Posts Tagged ‘ economics ’

The surprising impact of mixing chart forms

May 3, 2016
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The surprising impact of mixing chart forms

At first glance, this Wall Street Journal chart seems unlikely to impress as it breaks a number of "rules of thumb" frequently espoused by dataviz experts. The inconsistency of mixing a line chart and a dot plot. The overplotting of...

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I owe it all to my Neanderthal genes

April 25, 2016
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I owe it all to my Neanderthal genes

Yesterday I posted a methods-focused item at the Monkey Cage, a follow-up of a post from a couple years ago arguing against some dramatic claims by economists Ashraf and Galor regarding the wealth of nations. No big deal, just some standard-issue skepticism. But for some reason this one caught fire—maybe somebody important linked to it, […] The post I owe it all to my Neanderthal genes appeared first on Statistical…

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Risk aversion is a two-way street

April 24, 2016
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Risk aversion is a two-way street

“Risk aversion” comes up a lot in microeconomics, but I think that it’s too broad a concept to do much for us. In many many cases, it seems to me that, when there is a decision option, either behavior X or behavior not-X can be thought as risk averse, depending on the framing. Thus, when […] The post Risk aversion is a two-way street appeared first on Statistical Modeling, Causal…

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“Cancer Research Is Broken”

April 20, 2016
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Michael Oakes pointed me to this excellent news article by Daniel Engber, subtitled, “There’s a replication crisis in biomedicine—and no one even knows how deep it runs.” Engber suggests that the replication problem in biomedical research is worse than the much-publicized replication problem in psychology. One reason, which I didn’t see Engber discussing, is financial […] The post “Cancer Research Is Broken” appeared first on Statistical Modeling, Causal Inference, and…

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GIGO

April 11, 2016
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GIGO

Lee Wilkinson writes: In the latest issue of Harvard Magazine (http://www.harvardmagazine.com/2015/12/cambridge-02138), a letter writer (David W. Pittelli) comments under the section “Social Progress Index”: We are informed by Harvard Magazine (November-December 2015, page 15) that the country with the best “Health and Wellness” (“Do people live long and healthy lives?”) is Peru, while the United […] The post GIGO appeared first on Statistical Modeling, Causal Inference, and Social Science.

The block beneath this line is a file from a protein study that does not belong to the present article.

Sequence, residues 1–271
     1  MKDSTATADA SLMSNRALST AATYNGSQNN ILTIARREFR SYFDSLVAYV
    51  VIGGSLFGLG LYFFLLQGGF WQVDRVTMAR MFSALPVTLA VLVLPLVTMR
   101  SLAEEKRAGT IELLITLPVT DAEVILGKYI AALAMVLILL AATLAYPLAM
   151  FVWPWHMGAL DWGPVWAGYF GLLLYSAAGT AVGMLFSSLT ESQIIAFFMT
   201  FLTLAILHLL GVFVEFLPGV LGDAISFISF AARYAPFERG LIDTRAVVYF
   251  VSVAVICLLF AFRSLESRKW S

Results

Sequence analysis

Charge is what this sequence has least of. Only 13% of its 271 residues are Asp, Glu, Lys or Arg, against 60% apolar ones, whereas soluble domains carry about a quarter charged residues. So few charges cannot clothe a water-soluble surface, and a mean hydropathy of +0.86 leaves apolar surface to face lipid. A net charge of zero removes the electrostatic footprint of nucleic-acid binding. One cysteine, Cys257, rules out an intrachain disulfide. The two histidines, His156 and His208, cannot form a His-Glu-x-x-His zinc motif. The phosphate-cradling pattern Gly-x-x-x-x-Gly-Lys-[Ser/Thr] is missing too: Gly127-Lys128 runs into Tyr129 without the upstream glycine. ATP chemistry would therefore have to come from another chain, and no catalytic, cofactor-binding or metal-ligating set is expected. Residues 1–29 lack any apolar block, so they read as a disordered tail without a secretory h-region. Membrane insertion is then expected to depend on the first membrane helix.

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Black Box Challenge

April 9, 2016
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Black Box Challenge

Georgy Cheremovskiy writes: I’m one of the organizers of an unusual reinforcement learning competition named Black Box Challenge. The conception is simple — one need to program an agent that can play a game with unknown rules. At each time step agent is given an environment state vector and has a few possible actions. The […] The post Black Box Challenge appeared first on Statistical Modeling, Causal Inference, and Social…

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John Yoo blogging

April 8, 2016
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John Yoo blogging

Jonathan Falk sends along this gem: Judicial Torture as a Screening Device Kong-Pin Chen / Tsung-Sheng Tsai Judicial torture to extract information or to elicit a confession was a common practice in pre-modern societies, both in the east and the west. This paper proposes a positive theory for judicial torture. It is shown that torture […] The post John Yoo blogging appeared first on Statistical Modeling, Causal Inference, and Social…

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These celebrity photos are incredible: Type S errors in use!

April 6, 2016
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These celebrity photos are incredible:  Type S errors in use!

Kaveh sends along this, from a recent talk at Berkeley by Katherine Casey: It’s so gratifying to see this sort of thing in common use, only 15 years after Francis and I introduced the idea (and see also this more recent paper with Carlin). The p...

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Gresham’s Law of experimental methods

March 31, 2016
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Gresham’s Law of experimental methods

A cognitive scientist writes: You’ll be interested to see a comment from one of my students, who’s trying to follow all your advice: It’s hard to see all this bullshit in top journals, while I see that if I do things right, it takes a long time, and I don’t have the beautiful results these […] The post Gresham’s Law of experimental methods appeared first on Statistical Modeling, Causal Inference,…

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Data-dependent prior as an approximation to hierarchical model

March 25, 2016
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Andy Solow writes: I have a question about Bayesian statistics. Why is it wrong to use the same data to formulate the prior and to update it to the posterior? I am having a hard time coming up with – or finding in the literature – a formal reason. I asked him to elaborate and […] The post Data-dependent prior as an approximation to hierarchical model appeared first on Statistical…

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